Figure 5
figure 5

Histograms showing the distribution of the pollen limitation effect size when calculated as a log response ratio and Hedge’s D (range −535 to 2599).

Study location, time and biogeographical data sets

Author supplied localities were recorded as geographic coordinates (latitude, longitude) in decimal degrees. When a location description was provided but without geographic coordinates, the coordinates were determined using Google earth images.


We used the dated molecular phylogeny created by Zanne and colleagues27 on 32,223 land plant species to create a phylogeny for our focal plant species (with first constraining the tree to have Monicots and Eudicots as sister taxa to align more with the modern understanding of plant phylogeny (APG IV 2016). Congeneric species present in our database but missing from this tree were bound into the phylogeny at the genus level using the function congeneric.merge in the pez package of R28. For species in our database that were in genera not represented in the Zanne phylogeny (~5% of the species, a full list of the genera that were hand placed on the phylogeny are provided with Data Citation 1), we searched the literature for information about the placement of these species and grafted them into the phylogeny manually. If a phylogeny with branch lengths was found, we carried over the approximate branch lengths. For example, if the node between two genera indicated a length of 20% from the root of the family, branch length from the same two genera were set to be the same in this tree. However, in most cases, only topology could be reliably estimated, in which case the species was grafted in at the half-way point on the branch leading up to its sister-group.

Code availability

All code used to generate the master effect size and all code used to produce each figure in this manuscript is provided in R programing language29 and is open access via github (

Data Records

Data Record 1

The GloPL database is available by downloading ‘GloPL.csv’ (Data Citation 1). Data in GloPL (Data Citation 1) are organized by author last name and publication year. The database includes 2969 experiments from 927 publications, which were conducted on 1265 plant species from 163 families and 45 orders (Figs. 1 and 2). The data are available in both Excel and text formats in Data Dryad (Data Citation 1). Updates to the data and metadata will be curated through the iDiv data portal (

A case is defined as a comparison of the reproductive output (proportion of flowers setting fruit, proportion of ovules setting seeds, seeds per fruit, seeds per flower, seeds per plant) of plants receiving hand pollination with those receiving natural pollination. When studies were replicated across sites and/or years at the same site, each unique site and year combination became one case in the dataset. We treated each year and population as a separate data case (i.e., row in the database), as were time periods within a season or multiple morphs (e.g., flower color, gender) within a population and different experimental treatments (e.g., nutrient addition, herbivore exclusion). For each case within the GloPL database, we provide plant taxonomic information and geographic coordinates (detailed meta-data for each column is located in PL_Meta_data.xlsx, Data Citation 1).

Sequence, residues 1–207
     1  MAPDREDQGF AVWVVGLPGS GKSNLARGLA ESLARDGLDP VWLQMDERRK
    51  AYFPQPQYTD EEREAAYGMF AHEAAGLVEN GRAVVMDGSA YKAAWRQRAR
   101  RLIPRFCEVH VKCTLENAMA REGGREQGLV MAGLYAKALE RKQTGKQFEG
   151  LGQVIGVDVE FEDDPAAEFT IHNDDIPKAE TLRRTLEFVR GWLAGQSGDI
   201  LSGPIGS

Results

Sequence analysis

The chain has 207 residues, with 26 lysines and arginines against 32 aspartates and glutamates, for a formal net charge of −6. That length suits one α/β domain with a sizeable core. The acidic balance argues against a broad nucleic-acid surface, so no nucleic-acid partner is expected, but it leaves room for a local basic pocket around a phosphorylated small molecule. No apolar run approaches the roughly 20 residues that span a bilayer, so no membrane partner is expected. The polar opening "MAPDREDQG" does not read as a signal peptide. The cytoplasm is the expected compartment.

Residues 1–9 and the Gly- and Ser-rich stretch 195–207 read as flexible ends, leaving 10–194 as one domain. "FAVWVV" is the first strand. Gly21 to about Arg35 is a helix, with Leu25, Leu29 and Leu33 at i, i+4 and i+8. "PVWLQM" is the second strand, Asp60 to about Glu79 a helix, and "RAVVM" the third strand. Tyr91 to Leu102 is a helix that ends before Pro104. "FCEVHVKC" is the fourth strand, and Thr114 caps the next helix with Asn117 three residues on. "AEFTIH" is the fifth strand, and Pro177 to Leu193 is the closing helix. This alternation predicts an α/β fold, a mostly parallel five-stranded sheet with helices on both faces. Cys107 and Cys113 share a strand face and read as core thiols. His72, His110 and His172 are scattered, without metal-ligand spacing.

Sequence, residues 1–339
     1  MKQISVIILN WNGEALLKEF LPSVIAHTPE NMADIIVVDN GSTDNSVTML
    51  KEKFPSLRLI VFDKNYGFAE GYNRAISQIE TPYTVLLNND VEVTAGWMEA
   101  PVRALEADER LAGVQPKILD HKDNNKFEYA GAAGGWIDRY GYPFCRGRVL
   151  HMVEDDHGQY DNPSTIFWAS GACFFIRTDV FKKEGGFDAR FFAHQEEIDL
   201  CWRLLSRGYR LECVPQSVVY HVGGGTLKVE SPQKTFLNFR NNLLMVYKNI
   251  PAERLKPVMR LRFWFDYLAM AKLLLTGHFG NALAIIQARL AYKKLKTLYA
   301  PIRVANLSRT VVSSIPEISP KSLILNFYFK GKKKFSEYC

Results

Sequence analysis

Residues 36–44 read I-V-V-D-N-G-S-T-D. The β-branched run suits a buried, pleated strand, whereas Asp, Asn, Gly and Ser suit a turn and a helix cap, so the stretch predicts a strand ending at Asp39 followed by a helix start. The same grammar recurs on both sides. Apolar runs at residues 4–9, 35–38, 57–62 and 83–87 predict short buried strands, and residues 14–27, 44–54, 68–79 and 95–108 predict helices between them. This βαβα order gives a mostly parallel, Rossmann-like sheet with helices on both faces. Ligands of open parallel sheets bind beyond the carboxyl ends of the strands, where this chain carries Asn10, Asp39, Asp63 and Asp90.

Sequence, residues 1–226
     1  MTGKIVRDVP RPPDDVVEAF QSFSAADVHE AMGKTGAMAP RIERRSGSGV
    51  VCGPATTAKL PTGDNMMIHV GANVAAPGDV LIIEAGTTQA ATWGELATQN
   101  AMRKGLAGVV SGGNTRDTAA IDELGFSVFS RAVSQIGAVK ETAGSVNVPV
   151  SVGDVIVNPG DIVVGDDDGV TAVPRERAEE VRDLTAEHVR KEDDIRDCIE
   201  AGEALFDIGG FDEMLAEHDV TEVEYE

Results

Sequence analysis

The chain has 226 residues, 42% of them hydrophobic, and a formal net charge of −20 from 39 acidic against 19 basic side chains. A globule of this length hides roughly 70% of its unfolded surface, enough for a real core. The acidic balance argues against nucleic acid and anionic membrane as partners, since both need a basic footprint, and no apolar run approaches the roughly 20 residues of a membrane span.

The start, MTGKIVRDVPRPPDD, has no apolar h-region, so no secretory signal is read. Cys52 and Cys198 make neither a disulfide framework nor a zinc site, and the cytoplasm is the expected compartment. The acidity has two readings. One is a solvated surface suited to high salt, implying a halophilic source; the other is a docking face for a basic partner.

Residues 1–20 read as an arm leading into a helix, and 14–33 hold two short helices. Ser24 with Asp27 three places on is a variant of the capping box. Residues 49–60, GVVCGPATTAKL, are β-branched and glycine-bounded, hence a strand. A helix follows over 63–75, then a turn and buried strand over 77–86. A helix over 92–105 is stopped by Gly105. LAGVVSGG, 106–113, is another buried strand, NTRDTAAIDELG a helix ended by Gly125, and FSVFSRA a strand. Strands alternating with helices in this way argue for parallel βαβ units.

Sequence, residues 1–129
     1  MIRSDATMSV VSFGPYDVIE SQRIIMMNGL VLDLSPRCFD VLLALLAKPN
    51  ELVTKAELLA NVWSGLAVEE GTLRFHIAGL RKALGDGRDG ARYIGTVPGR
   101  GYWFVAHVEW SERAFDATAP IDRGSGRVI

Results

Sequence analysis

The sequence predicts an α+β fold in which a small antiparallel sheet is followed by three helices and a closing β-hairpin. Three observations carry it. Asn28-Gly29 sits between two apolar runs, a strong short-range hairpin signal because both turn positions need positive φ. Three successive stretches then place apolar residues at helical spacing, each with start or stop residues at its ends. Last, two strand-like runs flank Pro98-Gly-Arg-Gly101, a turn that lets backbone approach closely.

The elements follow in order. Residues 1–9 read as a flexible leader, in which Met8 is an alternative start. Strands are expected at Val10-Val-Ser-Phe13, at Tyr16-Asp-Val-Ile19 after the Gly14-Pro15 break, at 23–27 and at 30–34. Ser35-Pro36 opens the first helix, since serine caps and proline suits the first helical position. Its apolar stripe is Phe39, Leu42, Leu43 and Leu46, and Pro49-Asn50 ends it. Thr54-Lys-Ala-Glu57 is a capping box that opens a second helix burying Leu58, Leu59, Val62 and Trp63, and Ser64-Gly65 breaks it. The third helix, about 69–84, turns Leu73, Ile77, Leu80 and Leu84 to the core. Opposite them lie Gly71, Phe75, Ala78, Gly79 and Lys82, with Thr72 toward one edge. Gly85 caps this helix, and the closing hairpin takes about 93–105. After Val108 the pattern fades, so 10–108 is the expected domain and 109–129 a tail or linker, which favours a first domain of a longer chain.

Data Record 2

The phylogenetic tree of plant species in Data Record 1 is provided in two formats (nexus and .tre) in the files entitled ‘SiteTree_VS’.

Technical Validation

All entries were checked by a second person, and any record that appeared to be inconsistent was rechecked against the original source. Geographic coordinates were quality checked by projection. Taxonomy was confirmed to be in accordance with the current accepted species names, authority and plant family. We used Taxonomic Name Resolution Service v4.030. In the instances where the published study used a synonym of an accepted species name, we gave the original and revised the name. We consulted The Plant List v1.1 2010 (available at: for any names for which the TNRS did not offer an opinion.

Additional information

How to cite this article: Bennett, J. M. et al. GloPL, a global data base on pollen limitation of plant reproduction. Sci. Data. 5:180249 doi: 10.1038/sdata.2018.249 (2018).

Publisher’s note: Springer Nature remains neutral with regard to jurisdictional claims in published maps and institutional affiliations.